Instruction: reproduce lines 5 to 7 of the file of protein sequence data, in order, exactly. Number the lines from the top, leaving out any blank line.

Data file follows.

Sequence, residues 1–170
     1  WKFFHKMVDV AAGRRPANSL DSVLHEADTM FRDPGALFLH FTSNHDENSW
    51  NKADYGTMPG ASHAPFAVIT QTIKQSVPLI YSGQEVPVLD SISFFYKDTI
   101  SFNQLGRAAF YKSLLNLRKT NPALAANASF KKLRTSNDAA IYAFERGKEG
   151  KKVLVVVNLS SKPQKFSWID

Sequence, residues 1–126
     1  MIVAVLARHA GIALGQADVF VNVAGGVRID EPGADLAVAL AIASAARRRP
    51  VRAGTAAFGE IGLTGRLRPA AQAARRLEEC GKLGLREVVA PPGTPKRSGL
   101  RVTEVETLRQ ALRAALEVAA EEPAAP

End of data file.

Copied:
   151  KKVLVVVNLS SKPQKFSWID

Sequence, residues 1–126
     1  MIVAVLARHA GIALGQADVF VNVAGGVRID EPGADLAVAL AIASAARRRP